CUOMO: What can you guys say about the people and the heart that's in this city in terms of how we'll move forward from something like this?

ROMNEY: Bostonians are resilient. They're going to come together. They messed with the wrong people. There's going to be a period of grief, I'm sure there will be some anger. And we're going to want to figure out how to keep this from happening again. Not just here but all over the country.

BERMAN: One of the things I heard last night, some were saying, this is Boston's 9/11. No, no, Boston actually was part of 9/11. Two of the planes took off from here. This is a city that very much has dealt with tragedy in the past, and has responded, you know, with strength, with vigor.

It will happen again. Everyone I've seen, you know, since I stepped foot in this city last night telling us be safe. You know, be together. We're all here for each other.

ROMNEY: Yes. It's a wonderful city and families very strong here and I think this will actually end up bringing us closer together.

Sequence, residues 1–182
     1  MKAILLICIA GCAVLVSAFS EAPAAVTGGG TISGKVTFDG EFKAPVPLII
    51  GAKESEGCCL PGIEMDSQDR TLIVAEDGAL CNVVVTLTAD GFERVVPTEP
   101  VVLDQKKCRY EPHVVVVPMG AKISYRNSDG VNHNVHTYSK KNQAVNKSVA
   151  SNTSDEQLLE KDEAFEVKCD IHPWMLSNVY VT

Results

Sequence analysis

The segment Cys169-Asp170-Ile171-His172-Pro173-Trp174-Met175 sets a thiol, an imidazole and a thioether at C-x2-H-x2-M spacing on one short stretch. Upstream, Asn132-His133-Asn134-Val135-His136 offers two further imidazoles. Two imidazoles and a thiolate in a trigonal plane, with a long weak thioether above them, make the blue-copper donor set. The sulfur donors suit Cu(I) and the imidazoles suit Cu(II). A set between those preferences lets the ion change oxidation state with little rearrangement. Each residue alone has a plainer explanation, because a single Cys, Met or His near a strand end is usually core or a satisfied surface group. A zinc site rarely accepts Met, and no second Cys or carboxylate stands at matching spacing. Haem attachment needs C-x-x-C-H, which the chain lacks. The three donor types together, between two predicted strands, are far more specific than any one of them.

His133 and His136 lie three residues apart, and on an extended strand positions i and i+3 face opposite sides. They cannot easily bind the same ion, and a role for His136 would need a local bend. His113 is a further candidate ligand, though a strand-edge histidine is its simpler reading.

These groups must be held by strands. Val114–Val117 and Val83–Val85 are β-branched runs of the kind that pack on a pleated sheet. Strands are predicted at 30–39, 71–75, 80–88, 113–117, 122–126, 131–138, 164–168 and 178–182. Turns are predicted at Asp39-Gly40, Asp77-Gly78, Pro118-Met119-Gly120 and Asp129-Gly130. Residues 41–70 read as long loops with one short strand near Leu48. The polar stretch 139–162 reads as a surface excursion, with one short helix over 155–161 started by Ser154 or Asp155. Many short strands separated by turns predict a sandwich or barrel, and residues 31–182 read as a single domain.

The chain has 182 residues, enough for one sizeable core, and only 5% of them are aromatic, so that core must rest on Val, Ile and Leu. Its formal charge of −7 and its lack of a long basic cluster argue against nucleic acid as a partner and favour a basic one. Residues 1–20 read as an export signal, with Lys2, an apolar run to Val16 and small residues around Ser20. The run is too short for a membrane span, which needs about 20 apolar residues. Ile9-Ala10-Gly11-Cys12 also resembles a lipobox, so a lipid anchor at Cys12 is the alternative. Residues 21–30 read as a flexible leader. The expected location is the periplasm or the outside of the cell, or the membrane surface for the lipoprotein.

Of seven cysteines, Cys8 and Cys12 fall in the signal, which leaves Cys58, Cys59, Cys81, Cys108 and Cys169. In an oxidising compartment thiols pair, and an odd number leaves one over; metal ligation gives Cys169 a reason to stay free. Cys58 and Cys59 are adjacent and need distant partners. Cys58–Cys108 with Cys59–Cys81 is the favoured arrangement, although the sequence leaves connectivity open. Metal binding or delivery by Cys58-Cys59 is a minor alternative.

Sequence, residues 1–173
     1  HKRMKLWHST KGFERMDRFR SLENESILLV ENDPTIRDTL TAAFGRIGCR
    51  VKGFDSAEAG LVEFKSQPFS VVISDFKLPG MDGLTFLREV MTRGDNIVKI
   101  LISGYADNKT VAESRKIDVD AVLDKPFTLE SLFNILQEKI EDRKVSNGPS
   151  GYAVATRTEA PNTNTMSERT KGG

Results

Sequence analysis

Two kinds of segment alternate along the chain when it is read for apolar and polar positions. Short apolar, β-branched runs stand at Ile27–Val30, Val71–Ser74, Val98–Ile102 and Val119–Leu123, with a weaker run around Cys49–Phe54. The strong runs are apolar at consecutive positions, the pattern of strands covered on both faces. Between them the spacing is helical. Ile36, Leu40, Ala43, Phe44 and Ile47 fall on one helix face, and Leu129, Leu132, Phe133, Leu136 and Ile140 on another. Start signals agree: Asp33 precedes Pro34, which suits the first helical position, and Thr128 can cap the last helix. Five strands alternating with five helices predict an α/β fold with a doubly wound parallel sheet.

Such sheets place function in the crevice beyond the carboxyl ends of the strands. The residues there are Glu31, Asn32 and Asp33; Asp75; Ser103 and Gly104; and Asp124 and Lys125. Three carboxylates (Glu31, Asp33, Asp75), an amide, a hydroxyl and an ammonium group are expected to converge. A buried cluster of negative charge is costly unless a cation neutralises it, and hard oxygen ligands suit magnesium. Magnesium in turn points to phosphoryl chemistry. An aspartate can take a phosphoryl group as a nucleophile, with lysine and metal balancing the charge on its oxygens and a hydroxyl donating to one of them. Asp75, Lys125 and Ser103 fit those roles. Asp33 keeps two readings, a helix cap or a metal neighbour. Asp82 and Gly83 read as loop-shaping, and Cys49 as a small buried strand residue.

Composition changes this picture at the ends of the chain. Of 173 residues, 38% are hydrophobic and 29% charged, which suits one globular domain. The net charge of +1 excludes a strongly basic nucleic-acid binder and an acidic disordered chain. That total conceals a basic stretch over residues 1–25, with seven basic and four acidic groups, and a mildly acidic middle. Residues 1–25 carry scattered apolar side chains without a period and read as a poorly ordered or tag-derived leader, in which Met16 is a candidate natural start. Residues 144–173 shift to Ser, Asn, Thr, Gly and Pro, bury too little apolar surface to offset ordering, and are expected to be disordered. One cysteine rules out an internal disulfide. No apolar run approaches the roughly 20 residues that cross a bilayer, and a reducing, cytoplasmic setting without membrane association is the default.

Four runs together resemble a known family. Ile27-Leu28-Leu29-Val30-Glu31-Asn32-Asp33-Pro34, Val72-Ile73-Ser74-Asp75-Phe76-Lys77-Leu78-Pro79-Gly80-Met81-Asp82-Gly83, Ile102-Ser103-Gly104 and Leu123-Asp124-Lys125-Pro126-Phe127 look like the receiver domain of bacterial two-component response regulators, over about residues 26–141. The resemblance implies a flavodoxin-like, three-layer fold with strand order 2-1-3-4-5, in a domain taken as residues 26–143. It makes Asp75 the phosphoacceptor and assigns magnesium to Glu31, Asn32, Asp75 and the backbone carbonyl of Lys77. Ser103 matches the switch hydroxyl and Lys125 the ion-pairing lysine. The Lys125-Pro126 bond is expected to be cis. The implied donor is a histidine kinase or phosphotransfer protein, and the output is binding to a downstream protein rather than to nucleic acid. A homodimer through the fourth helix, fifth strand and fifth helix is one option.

CUOMO: Tagg, thank you for joining us this morning.

ROMNEY: Absolutely.

CUOMO: Glad everybody's OK.

ROMNEY: Thanks.

CUOMO: You're welcome.

BERMAN: All right, so not just here but across the nation, swift reaction to these attacks. Americans pulling together everywhere in a show of unity even on Capitol Hill.


REP. JOHN BOEHNER (R), OHIO: The House will now observe a moment of silence in memory of the victims of today's attack in Boston.


BERMAN: The U.S. House of Representatives paused in its official business just after 5:00 yesterday. That was a little more than two hours after the bombings. You know, Major League Baseball around the country last night, moments of silence were observed before the games got under way. This was the scene in Minneapolis, where the Twin and Angels took the field.

CUOMO: You saw it repeated all over the country. Boston College, one of the big universities here, is going to post a healing mass this afternoon. The school is at mile 21 on the marathon route, about 5 miles from where the blast occurred.